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Transcript: Video: Surgery on Fetus Reduces Complications of Spina Bifida

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To view the original video and read the News Release, please go to http://www.nichd.nih.gov/news/releases/Pages/030911-MOMS-video.aspx

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NICHD logo
National Institutes of Health
Eunice Kennedy Shriver
National Institute of Child Health & Human Development

Management of Myelomeningocele Study (MOMS) Interview

Catherine Y. Spong, M.D.
Chief, Pregnancy and Perinatology Branch
Eunice Kennedy Shriver National Institute of Child Health and Human Development
National Institutes of Health

 

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Why was the study undertaken?

 

Dr. Spong on camera

Dr. Catherine Y. Spong: The National Institutes of Health held a workshop looking at fetal surgery, at the state of fetal surgery as well as fetal surgery for conditions where the condition that was being treated with the surgery was not lethal. Meaning, the baby would survive the pregnancy, such as is the case with spina bifida. At that time, there were a number of sites that were doing this surgery and offering this surgery to pregnant women, but there wasn't clear data that it was beneficial to the baby. And there was certainly risk—risk of preterm birth, risk of uterine rupture to the mother. So, the culmination of this NIH-sponsored workshop was that a trial needed to be undertaken to evaluate whether or not prenatal surgery for spina bifida was beneficial compared to the standard postnatal repair.

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What is spina bifida?

 

Dr. Spong on camera

Dr. Spong: So spina bifida is simply an open spinal cord, and myelomeningocele is the most severe form of spina bifida.

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Myelomeningocele of the spinal cord:
Picture of an embryo illustrating "hindbrain herniation" with a red mass pulled out of the brain into the spinal column.

Dr. Spong: In myelomeningocele, the spinal defect causes the nerves to come out of the spinal cord, and often you'll have something called "hindbrain herniation," where the base part of the brain is actually pulled into the spinal column.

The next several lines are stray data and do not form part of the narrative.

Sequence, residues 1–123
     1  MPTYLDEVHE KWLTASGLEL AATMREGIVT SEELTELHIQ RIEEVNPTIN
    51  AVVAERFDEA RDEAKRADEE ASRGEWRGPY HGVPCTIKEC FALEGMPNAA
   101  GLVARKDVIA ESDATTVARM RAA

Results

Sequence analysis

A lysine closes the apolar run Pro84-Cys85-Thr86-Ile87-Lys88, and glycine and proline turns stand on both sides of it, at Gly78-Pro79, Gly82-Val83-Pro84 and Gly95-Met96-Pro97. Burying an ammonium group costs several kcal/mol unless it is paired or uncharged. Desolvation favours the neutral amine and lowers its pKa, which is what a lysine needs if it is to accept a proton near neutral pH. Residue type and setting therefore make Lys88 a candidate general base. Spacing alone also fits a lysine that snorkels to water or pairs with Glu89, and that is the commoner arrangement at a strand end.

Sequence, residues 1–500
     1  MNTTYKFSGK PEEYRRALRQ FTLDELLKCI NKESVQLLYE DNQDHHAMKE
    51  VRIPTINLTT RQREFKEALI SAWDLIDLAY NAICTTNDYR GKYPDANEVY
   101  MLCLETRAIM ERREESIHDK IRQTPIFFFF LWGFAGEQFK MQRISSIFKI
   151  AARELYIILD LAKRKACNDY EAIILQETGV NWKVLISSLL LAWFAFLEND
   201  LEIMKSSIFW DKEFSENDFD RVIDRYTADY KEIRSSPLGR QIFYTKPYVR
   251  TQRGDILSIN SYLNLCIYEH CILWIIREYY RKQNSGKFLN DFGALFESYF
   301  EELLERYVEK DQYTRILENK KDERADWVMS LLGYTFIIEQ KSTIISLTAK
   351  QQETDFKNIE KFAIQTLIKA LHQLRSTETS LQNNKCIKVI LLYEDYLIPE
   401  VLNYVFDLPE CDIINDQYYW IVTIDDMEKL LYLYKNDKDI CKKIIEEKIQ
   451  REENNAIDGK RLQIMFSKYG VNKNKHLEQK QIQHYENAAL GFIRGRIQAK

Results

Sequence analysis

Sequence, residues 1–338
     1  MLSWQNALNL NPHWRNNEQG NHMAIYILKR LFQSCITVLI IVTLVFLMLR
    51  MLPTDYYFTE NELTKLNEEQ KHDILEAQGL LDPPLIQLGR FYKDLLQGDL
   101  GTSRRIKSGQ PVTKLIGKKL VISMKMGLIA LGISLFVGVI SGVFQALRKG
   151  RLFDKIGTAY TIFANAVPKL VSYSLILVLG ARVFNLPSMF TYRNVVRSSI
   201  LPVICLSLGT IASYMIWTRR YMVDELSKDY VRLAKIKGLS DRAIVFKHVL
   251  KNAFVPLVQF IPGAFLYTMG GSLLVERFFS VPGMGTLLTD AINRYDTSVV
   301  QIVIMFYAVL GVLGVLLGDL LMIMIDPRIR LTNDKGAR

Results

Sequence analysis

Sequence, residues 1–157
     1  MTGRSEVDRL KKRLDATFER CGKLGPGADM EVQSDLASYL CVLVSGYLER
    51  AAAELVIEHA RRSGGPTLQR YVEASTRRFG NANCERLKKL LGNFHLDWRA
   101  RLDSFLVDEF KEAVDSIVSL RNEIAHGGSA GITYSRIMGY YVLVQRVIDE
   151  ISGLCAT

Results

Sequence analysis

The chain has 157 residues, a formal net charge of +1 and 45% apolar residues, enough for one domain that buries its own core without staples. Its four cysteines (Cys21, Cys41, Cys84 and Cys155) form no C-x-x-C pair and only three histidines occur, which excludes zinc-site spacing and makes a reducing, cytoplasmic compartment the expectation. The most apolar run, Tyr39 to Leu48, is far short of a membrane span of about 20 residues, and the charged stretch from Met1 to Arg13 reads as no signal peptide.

Dr. Spong on camera

Dr. Spong: This can cause an increase in pressure in the baby's head.

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MOMS began in 2003 and recruitment ended in 2010 (follow-up is ongoing), enrolling pregnant women carrying a child with myelomeningocele at three locations nationwide.

Participants were enrolled on a rolling basis, however, enrollment was stopped early.

 

Dr. Spong on camera

Dr. Spong: The study was stopped early after 183 of the typically planned 200 patients were randomized. And this was because of a dramatic improvement of outcome for both primary outcomes at 12 months and at 30 months in the babies who had the surgery during pregnancy.

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What did the study find?

 

Dr. Spong on camera

Dr. Spong: What the study found for the 12 month outcome was that there was a significant decline in death or the need for a shunt. Where that only occurred in about 68% of the babies who had the prenatal surgery, compared to 98% of the babies who had the postnatal repair. So about one-third reduction.

At 30 months, there was a significant improvement in the score of both the mental and motor development. In addition, there was significant improvement in the baby's ability to walk independently, where 42% of the babies who had the prenatal surgery could walk independently or without devices, compared to only 21% in the babies with the standard postnatal repair.

At 30 months of age, when looking at hindbrain herniation, about one-third of the babies who had the prenatal repair no longer had evidence of hindbrain herniation compared to only 4% in the postnatal repair group. So the hindbrain herniation was essentially gone for about a third of those patients.

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What makes MOMS unique?

 

Dr. Spong on camera

Dr. Spong: This is the first time a fetal surgery has been undertaken for a condition that was not life-threatening. Meaning the baby typically survives the pregnancy, and the repair is done afterwards.

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Are there risks to fetal surgery for spina bifida?

 

Dr. Spong on camera

Dr. Spong: I think it's important to remember that this is a major surgical procedure that's being carried out on the pregnant mother, and there certainly are risks and the study does show that. I believe that it's...although the results are very promising for the fetal outcomes, there were significant risks.

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What should pregnant women carrying a child with myelomeningocele consider?

 

Dr. Spong on camera

Dr. Spong: Fetal surgery requires close monitoring of both the mom and the baby, both during the procedure itself, as well as after the procedure and throughout the duration of the pregnancy. It shouldonly be undertaken by experienced centers that have the multi-disciplinary teams necessary to really care best for both the mom and the baby and the experienced surgeons who know how to undertake these very delicate procedures.

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NICHD logo
National Institutes of Health
Eunice Kennedy Shriver
National Institute of Child Health & Human Development

www.nichd.nih.gov

If you are a member of the media 
and have questions, call:
NICHD Public Information and Communications Branch

301-496-5133

 

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Last Updated Date: 03/09/2011
Last Reviewed Date: 03/09/2011
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